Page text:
I've been wearing a mask whenever I've been inside somewhere over the last week. Before I go on to say how I think it has helped prevent spreading if not prevented entirely, it has lowered the incidence of my coughing and hence less pain by not being directly exposed to the sometimes cold air.

1 ( +2 / -1 )

Have had a couple of bad colds this year and was happy to wear a mask and hopefully lessen the chance of passing it on to others like colleagues at work, unfortunate people I happen to be standing next to on the train, and most importantly my family.

1 ( +2 / -1 )

I wear masks often during cold/flu and allergy seasons, and sometimes, yes, even for cosmetic reasons (I forgot /don't want to put on makeup, I look like hell from a hangover, don't want to be gawked at for being foreign on the train, etc.) who cares?

-1 ( +0 / -1 )

I don't have any issues with the masks. They serve a health purpose. (Kinda OT, but the woman in the center could wear a banana on her head as well as a mask and still be strikingly beautiful).

What is even more interesting is how healthy everyone looks. Imagine an impromptu photo of people coming out of the local WalMart in the US!

0 ( +0 / -0 )

... the masks show consideration for OTHERS... most posters from other cultures ... are not used to thinking about others to the same level in their daily life that Japanese culture and schooling entrenches.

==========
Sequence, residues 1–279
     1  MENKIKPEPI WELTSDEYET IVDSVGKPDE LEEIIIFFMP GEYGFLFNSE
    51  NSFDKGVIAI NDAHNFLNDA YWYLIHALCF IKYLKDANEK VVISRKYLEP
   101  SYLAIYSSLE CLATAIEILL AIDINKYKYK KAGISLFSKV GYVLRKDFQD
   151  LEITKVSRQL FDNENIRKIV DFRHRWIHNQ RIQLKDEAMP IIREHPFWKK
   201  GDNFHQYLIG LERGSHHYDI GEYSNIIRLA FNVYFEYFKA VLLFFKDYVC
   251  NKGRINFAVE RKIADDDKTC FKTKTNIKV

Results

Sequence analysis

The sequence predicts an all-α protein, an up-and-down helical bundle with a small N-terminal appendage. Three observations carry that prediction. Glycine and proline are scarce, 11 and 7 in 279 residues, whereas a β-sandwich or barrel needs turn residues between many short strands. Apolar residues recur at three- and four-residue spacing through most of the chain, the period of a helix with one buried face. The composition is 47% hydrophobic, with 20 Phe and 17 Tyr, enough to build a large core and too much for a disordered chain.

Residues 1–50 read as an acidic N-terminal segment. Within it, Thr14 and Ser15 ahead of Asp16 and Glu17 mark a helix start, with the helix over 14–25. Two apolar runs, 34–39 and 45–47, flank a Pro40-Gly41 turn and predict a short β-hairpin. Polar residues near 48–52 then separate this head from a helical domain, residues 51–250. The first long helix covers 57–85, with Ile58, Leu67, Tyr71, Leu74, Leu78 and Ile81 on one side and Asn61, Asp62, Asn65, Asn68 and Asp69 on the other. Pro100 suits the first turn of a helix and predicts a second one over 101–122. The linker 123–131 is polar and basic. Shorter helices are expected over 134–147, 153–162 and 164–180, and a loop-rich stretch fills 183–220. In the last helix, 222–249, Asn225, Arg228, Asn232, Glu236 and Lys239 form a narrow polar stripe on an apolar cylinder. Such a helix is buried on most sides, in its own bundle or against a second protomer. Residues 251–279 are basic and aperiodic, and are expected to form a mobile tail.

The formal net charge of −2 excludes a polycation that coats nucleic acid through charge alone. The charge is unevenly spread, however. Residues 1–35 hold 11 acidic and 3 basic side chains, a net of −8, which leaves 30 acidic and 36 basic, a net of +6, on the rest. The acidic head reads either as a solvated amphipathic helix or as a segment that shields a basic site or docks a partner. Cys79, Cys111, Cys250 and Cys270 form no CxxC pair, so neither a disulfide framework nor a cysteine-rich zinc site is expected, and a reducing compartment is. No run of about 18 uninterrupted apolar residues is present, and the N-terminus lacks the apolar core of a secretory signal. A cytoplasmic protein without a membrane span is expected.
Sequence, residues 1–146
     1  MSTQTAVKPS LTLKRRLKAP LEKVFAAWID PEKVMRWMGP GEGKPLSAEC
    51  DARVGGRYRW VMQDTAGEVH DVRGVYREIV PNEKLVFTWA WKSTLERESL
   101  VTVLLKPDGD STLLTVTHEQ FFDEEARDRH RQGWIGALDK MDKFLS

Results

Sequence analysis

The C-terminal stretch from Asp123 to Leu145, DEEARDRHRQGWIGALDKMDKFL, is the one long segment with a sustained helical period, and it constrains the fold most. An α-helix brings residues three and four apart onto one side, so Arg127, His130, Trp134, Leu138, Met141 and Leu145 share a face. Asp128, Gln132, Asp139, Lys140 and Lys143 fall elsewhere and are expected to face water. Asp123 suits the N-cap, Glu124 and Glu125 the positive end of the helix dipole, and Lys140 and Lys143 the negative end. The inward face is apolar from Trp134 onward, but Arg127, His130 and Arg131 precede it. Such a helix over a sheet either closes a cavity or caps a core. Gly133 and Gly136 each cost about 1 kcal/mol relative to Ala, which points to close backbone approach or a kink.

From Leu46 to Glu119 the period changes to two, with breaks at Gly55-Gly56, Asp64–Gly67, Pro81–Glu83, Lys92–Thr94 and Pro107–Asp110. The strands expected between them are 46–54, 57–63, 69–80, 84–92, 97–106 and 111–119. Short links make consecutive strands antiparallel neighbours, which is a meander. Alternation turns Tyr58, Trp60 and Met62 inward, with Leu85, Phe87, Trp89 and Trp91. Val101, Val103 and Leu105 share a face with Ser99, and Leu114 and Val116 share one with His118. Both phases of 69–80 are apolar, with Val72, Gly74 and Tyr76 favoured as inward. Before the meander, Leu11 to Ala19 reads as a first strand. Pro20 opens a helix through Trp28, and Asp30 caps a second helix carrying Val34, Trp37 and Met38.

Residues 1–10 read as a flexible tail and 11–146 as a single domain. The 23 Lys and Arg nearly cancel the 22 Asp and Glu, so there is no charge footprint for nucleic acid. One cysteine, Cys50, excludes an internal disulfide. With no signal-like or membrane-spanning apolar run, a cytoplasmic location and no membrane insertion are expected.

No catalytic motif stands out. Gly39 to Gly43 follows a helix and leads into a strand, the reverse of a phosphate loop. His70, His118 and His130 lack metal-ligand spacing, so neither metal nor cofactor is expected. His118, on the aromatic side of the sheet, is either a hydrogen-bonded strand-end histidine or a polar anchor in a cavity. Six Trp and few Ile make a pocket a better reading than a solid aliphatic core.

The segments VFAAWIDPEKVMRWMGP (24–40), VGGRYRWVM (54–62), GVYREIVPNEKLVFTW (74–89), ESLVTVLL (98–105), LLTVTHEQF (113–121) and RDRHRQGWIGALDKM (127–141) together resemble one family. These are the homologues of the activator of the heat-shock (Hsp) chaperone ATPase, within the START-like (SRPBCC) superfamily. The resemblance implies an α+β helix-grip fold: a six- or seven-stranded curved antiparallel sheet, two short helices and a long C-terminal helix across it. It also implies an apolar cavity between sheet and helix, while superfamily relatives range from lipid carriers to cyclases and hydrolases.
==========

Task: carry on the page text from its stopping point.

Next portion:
Alas, this is part of the mythologized Japanese self. It is not consistently true. While J people will wear a mask they fail to do a number of things that show TRUE consideration for others that are basic hygiene etiquette in some other (so called less considerate) cultures .

1They do not stay home when sick and contagious. They spread it from their doorstep to the workplace and back.

2The same sick people also handle other people's food.

3They do not practise thorough hand washing. They wet their hands without soap and wipe their hands on an often used cloth. Dampness breeds bacteria & viruses which are spread from the hands to everything else that is touched: faucets, doorknobs, straps on trains, railings, food being prepared, whatever.

4They cough into their hands instead of their elbow crook and then spread the contagion as outlined in #2.

5They cough directly into the air without covering their mouths. (Thanks for sharing that!)